Eli has always had two ways for writers to submit text: either files uploaded to Eli from a local computer, or using the WYSIWYG (what you see is what you get) editor to compose text directly inside Eli or to copy from another source (Microsoft Word, Google Docs, etc) and paste into Eli before submitting.
Pasting text into Eli’s WYSIWYG editor is usually easy, but sometimes formatting doesn’t transfer correctly. Or garbage code comes with the text that makes the writing look different than intended. These tips for copying and pasting into Eli can save a lot of time and frustration when bringing text into Eli Review from other apps.
Apps that use WYSIWYG interfaces often result in a lot of hidden code piggybacking on your writing when you copy your writing and paste into a different location – not just into Eli Review, but into other apps, too.
To get the best results when pasting, we recommend writing in Google Docs, which generally produces web-friendly text, or build-in plain text editors like Notepad or Wordpad on a PC or TextEdit on a Mac. Apps that manage your writing in plain text, without having to store info about font size, color, etc, make it possible to copy and paste into Eli with no hidden code piggybacking along with it. Once it’s pasted cleanly into Eli, styling can be applied very easily.
Chrome and Safari both have options that will paste your writing in plain text while removing the formatting and stripping it of any hidden code that can cause trouble with formatting or later with feedback.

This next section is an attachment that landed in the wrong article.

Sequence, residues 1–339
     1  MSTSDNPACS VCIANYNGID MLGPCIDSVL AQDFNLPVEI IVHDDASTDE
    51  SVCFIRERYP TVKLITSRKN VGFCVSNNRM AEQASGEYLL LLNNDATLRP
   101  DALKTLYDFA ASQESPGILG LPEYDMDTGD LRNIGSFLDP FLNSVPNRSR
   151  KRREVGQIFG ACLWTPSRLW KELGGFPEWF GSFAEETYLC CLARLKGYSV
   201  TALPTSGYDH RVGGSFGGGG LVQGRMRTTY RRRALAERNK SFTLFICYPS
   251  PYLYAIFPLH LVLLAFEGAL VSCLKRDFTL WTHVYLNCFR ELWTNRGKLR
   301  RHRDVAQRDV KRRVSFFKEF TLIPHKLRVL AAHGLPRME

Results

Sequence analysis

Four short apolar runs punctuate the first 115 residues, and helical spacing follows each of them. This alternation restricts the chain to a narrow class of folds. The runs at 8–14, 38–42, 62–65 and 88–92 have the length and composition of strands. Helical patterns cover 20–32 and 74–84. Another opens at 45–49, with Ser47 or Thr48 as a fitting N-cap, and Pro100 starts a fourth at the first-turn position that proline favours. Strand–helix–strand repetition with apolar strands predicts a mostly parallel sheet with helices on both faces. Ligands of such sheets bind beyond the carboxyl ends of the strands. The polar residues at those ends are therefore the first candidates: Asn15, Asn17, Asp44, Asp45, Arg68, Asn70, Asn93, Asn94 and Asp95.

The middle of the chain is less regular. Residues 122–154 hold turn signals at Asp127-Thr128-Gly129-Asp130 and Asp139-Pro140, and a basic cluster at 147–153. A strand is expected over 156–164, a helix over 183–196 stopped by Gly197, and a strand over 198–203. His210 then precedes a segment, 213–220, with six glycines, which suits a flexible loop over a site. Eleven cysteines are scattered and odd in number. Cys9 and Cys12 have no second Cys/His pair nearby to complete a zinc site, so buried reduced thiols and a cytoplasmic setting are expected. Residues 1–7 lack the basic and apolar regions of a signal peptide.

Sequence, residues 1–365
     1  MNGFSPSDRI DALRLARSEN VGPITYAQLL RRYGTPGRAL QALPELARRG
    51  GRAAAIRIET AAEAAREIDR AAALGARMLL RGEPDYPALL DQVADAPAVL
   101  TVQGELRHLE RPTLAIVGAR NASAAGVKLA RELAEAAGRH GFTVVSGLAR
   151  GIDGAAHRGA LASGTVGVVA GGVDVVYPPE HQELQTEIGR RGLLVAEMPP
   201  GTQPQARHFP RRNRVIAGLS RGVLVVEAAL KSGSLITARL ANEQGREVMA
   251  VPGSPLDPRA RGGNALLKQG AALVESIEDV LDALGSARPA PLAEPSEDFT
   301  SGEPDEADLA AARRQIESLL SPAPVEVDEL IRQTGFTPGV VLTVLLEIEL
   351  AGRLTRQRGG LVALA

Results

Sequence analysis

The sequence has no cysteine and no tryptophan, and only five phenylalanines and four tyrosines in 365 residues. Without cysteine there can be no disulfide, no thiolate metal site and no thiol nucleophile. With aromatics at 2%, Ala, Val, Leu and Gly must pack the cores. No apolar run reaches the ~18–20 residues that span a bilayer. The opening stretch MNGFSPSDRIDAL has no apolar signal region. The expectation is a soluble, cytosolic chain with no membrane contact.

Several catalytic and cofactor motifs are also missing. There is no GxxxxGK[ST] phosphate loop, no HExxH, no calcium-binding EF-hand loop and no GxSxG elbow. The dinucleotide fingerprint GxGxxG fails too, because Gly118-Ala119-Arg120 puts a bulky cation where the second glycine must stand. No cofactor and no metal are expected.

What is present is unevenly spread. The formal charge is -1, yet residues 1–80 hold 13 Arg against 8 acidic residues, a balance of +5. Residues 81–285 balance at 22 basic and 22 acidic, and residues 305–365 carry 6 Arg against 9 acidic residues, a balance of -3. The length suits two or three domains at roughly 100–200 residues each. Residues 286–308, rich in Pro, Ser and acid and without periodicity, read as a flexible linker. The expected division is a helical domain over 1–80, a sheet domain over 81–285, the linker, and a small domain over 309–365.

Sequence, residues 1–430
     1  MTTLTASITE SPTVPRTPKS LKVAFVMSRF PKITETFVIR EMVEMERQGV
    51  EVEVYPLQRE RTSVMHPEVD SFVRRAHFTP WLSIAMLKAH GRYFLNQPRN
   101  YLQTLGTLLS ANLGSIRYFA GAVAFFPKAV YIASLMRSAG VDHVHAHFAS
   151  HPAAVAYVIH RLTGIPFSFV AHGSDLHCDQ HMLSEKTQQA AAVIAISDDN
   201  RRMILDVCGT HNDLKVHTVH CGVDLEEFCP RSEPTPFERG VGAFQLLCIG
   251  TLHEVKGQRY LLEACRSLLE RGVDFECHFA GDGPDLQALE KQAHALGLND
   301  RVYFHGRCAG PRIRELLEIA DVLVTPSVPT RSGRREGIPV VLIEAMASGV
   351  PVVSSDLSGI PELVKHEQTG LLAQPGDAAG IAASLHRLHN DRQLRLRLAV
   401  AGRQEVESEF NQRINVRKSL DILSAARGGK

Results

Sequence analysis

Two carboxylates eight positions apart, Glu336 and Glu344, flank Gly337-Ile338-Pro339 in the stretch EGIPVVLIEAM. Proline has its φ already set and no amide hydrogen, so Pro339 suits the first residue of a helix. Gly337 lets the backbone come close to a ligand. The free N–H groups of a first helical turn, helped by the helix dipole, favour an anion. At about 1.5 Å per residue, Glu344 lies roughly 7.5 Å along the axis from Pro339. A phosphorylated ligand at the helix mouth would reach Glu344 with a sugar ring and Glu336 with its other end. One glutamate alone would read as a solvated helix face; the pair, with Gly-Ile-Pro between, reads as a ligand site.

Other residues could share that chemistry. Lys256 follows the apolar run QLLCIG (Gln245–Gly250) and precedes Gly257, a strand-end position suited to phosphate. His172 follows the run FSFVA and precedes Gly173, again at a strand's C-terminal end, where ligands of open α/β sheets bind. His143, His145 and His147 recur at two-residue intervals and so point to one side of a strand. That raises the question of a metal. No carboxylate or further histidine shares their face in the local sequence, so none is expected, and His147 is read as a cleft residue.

When you’re ready to paste into the Eli WYSIWYG, use the “Paste and Match Style” option in those browsers:
You’ll have to go back through and apply (or re-apply) styles and recreate your markup (headers, lists, links, etc) but this can save lots of time compared to trying to fix funky formatting that can come through Word, Google, Box, etc.
Appearances can be deceiving when writing in a WYSIWYG. Something might look like a header by pumping up the font size or changing the color, but that doesn’t mean that Word, Google, Eli, or any other editor will recognize it as a header, different from regular text.
If you use the semantic formatting options in your writing app to create structurally accurate headers, paragraphs, lists, etc, it’ll be much easier for Eli (or anywhere else you copy/paste) to know how that text is supposed to be formatted.
Even if you follow all of the previous three tips, be sure to manually inspect your text and make sure it’s right before you submit it. The nature of writing (and writing for the web specifically) mean that formatting issues can occur even when you do everything perfectly.
Do yourself a favor and double check that everything looks right after you paste your writing into Eli’s WYWIWYG and again after you submit it.
Click “home” to return to the course dashboard and then click on the task title again to make sure your text looks right.
If it doesn’t look right after you submit, you can go back and make changes, as long as the due date for the task hasn’t expired.
Bonus Tip: if you turn your work in early, you’ll have time to fix its formatting, if needed. Another good reason not to procrastinate!
If you skipped tip 4, you might need this tip. After the due date of the writing task is past, you cannot update your submission on your own. But, you can ask your instructor or [email protected] to remove your submission. The removal is permanent, and it affects your peer review group, so be sure before you request the removal of an incorrect submission.
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